One of Bellevue’s founding families continues to play a role in the everyday life of the community more than 100 years later. The daughters of Andrew Bayne bequeathed a family homestead on what is now North Balph Avenue to the community, and this weekend, a celebration to mark the 100th anniversary of the Andrew Bayne Memorial Library will be held in the 1875 house that is the library. Anniversary festivities will include an adult reception from 6 to 8 p.m. Friday and a family celebration from 11 a.m. to 3 p.m. Saturday, with a book character costume contest and prizes for children.
“It’s a celebration for the community, since the community has kept this library going for 100 years,” says Denise Plaskon, librarian and cultural director for the facility and for events at the four-acre park on which it sits.
The library and acreage were a gift to the the community from the Bayne sisters — Amanda Bayne Balph and Jane Bayne Teece.
“It is a unique story to have a family that is part of the founding of the borough in the 1860s donate their family home for the benefit of the community,” said Joseph Heffley, 30, co-founder and past president of the Bellevue Historical Society.
His mother, Lynn Tennant-Heffley, a Bellevue council member, is working to get the library recognized on the National Registrar of Historic Places. It was awarded a plaque from the Pittsburgh History and Landmarks Association in 1976.
“It most likely meets the criteria to be put on the registry,” Mr. Heffley said. “This will also help to make the library eligible for more grant funding to help with upkeep of the building.”
The library and the park were named for the Bayne sisters’ father, Andrew Bayne, a founder of Bellevue, who once served as elected sheriff of Allegheny County. He gave land as wedding gifts to each of his daughters. The Teece home is now the Miller Funeral Home.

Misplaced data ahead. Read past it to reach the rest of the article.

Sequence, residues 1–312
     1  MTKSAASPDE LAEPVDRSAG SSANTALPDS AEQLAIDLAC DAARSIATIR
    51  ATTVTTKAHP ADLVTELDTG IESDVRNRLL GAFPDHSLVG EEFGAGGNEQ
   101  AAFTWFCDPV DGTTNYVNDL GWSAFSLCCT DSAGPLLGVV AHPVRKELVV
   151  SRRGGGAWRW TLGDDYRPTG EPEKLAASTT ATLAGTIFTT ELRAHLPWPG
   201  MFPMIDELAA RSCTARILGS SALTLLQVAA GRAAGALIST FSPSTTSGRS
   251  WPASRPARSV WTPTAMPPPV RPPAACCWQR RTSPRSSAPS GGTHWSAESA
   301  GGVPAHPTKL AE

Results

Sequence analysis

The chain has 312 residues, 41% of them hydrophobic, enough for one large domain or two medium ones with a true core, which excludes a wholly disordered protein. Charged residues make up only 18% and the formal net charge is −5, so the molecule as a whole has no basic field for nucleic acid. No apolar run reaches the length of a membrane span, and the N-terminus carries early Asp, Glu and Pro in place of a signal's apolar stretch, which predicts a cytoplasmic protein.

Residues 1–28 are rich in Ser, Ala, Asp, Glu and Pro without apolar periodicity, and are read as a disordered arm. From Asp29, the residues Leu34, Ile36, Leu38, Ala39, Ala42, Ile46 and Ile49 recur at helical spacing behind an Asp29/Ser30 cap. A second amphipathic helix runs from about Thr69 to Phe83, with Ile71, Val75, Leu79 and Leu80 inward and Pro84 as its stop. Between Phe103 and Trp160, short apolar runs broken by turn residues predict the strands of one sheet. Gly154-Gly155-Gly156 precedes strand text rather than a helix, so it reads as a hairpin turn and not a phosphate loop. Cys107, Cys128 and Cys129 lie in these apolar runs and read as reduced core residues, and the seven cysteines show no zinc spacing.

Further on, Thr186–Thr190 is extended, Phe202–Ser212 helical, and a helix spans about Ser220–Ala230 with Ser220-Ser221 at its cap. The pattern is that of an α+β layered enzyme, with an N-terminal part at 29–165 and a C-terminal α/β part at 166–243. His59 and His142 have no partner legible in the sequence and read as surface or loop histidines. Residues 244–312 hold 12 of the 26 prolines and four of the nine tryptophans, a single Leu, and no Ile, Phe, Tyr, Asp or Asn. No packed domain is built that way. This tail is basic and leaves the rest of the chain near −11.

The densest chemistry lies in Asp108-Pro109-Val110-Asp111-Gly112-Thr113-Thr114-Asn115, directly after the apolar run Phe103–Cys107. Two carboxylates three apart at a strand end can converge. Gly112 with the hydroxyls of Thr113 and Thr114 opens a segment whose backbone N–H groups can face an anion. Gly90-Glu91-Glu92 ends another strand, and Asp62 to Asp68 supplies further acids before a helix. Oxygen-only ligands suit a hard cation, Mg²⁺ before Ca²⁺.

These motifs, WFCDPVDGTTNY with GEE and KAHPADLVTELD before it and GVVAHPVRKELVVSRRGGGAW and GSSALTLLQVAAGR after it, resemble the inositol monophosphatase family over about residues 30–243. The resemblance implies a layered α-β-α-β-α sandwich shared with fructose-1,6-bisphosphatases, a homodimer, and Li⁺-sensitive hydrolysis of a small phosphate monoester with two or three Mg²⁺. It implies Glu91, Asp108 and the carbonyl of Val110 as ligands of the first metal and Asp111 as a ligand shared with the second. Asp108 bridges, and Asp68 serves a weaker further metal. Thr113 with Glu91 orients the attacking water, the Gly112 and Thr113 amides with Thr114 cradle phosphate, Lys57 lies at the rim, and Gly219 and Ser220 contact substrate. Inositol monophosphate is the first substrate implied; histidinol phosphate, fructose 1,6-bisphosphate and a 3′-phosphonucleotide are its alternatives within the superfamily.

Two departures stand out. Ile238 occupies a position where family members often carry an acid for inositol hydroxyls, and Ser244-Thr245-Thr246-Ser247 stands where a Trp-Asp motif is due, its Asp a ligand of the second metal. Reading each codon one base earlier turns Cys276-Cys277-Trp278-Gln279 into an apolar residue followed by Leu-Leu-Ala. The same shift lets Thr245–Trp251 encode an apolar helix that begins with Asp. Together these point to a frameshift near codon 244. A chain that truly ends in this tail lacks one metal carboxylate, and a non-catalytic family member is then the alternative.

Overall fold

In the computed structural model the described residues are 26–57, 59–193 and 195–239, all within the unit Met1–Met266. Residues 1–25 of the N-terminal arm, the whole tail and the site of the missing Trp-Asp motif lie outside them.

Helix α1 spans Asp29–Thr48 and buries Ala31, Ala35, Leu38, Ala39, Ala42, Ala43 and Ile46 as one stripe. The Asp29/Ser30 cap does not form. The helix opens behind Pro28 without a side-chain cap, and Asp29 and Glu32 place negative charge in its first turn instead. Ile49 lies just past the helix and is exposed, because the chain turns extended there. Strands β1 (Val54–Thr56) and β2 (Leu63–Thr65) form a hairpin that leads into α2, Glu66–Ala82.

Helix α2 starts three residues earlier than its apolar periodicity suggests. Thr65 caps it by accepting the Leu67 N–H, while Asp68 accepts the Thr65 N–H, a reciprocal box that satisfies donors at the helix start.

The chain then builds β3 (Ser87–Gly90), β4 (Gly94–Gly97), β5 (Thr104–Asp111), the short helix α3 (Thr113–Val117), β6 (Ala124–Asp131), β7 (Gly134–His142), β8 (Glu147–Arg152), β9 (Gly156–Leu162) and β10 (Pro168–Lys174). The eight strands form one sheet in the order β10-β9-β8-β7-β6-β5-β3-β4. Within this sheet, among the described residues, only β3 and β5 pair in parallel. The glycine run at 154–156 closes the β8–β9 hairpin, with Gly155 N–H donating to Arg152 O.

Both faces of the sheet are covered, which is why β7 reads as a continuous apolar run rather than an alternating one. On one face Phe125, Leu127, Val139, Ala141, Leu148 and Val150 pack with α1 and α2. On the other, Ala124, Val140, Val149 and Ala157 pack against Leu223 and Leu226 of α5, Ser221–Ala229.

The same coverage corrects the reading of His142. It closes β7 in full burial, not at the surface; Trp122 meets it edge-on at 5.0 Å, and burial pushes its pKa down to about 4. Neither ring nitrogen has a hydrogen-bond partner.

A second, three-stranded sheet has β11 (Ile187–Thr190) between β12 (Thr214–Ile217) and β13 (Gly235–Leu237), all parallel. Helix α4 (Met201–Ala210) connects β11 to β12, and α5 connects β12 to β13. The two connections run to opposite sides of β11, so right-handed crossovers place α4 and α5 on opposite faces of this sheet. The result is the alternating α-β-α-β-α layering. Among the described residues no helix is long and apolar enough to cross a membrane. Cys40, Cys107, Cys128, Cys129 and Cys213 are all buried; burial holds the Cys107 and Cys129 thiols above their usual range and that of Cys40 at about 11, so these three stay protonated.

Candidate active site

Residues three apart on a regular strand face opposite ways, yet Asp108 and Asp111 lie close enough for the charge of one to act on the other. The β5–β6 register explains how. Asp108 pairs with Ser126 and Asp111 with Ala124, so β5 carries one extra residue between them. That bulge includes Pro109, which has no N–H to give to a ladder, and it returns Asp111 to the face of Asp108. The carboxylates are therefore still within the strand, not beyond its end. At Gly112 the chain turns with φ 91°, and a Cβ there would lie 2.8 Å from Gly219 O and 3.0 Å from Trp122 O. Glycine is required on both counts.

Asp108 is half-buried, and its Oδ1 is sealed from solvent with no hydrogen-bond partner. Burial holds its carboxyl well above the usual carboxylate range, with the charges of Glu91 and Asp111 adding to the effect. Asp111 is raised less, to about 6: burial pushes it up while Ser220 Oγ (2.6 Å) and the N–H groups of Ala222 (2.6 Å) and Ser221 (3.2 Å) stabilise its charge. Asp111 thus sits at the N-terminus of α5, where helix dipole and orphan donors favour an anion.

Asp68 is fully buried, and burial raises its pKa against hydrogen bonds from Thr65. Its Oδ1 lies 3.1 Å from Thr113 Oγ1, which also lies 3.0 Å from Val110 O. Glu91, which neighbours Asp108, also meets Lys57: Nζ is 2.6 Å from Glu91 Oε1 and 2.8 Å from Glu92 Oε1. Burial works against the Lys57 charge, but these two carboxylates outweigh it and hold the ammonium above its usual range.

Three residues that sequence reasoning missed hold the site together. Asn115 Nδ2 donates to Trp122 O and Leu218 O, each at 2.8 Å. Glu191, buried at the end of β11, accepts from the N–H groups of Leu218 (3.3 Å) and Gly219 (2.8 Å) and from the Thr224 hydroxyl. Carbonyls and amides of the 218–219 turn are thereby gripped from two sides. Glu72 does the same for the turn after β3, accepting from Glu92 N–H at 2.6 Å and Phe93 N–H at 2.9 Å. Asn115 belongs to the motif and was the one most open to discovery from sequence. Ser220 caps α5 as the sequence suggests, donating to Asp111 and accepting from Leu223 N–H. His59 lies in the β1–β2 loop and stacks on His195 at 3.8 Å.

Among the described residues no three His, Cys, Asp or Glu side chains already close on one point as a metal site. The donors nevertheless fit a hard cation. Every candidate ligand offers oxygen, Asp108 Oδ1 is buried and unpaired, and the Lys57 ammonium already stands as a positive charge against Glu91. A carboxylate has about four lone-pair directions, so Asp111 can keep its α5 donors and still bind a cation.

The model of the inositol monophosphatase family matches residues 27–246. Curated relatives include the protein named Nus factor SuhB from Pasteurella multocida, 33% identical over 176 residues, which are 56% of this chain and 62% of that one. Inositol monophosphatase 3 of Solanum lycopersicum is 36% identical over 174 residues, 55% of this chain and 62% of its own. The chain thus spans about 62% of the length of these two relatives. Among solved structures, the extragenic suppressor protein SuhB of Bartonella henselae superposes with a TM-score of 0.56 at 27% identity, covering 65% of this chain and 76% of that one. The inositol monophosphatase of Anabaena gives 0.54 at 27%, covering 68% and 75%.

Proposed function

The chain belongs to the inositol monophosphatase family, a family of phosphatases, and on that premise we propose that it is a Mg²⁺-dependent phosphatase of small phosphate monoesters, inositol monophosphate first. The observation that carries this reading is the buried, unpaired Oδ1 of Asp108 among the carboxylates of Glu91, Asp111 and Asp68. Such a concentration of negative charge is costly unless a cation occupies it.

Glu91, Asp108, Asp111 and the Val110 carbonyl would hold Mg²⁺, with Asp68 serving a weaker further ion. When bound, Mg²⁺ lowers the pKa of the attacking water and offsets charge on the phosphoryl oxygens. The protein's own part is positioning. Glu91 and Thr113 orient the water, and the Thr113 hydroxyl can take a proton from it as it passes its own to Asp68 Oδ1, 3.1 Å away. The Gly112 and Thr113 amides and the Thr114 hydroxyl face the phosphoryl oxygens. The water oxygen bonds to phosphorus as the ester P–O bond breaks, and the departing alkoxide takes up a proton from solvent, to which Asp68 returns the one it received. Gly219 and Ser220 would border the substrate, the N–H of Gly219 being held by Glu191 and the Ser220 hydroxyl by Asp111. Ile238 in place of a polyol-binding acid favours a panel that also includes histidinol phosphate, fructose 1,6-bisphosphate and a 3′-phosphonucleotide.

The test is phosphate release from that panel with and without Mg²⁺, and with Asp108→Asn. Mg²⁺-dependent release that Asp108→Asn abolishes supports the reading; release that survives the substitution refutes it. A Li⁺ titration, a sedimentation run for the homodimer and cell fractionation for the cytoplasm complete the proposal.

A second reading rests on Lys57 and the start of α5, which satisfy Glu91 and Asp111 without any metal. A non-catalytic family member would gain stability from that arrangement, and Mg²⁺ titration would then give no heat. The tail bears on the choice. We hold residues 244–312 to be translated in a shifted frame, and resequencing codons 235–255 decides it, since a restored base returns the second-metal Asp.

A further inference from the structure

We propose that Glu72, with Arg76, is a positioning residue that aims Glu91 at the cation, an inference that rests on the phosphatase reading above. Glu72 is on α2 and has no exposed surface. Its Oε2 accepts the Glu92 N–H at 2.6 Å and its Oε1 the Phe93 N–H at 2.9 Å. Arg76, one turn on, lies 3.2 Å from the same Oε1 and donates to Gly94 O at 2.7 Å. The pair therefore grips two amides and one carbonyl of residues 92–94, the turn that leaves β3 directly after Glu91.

The house that became the library was built by James Madison Balph, a Pittsburgh architect. In 1912, Amanda Bayne Balph died, and the house and land were donated to the borough with the stipulation that the gift always remain a library and a park.
Over the century, the original book collection, housed in two upstairs chambers grew to 3,000 books by the mid 1920s, and now, 25,000 books fill the Italianate Victorian house. The library retains the feeling of a home with books displayed on marble mantels.
At one time the reference section took up the largest room; now it is in the smallest.
Computer instruction was standard library offerings two decades ago. Even that has been updated. “We now have two technology days when anybody can come with their current technology, and the teenagers will instruct them on what they need help on,” Ms. Plakson said with a laugh.
Other changes this past decade added programming for seniors and for children. Evening story times, to accommodate working parents, were added a decade ago, and the summer reading program — in which children receive rewards for the books they read — is no longer just for kids. Some programs last all year, and are intergenerational.
“One of the favorites is the 50 Book Challenge. People love it. They track how many books they read in a year, with the goal being 50,” said Mrs. Plaskon.
Although a few stories claim that the library is haunted by the spirit of Amanda Bayne Balph, with missing books materializing on previously searched shelves, or park visitors spotting a woman wearing a bonnet in a second story window, Ms. Plaskon will only speak of a different spirit.
“The community spirit has always been there. State aid has been cut dramatically, but this library is in good shape because of the community supporting it. It’s still a community gathering spot. We hope for another 100 years,” she said.
Jane Miller, freelance writer: suburbanliving@post-gazette.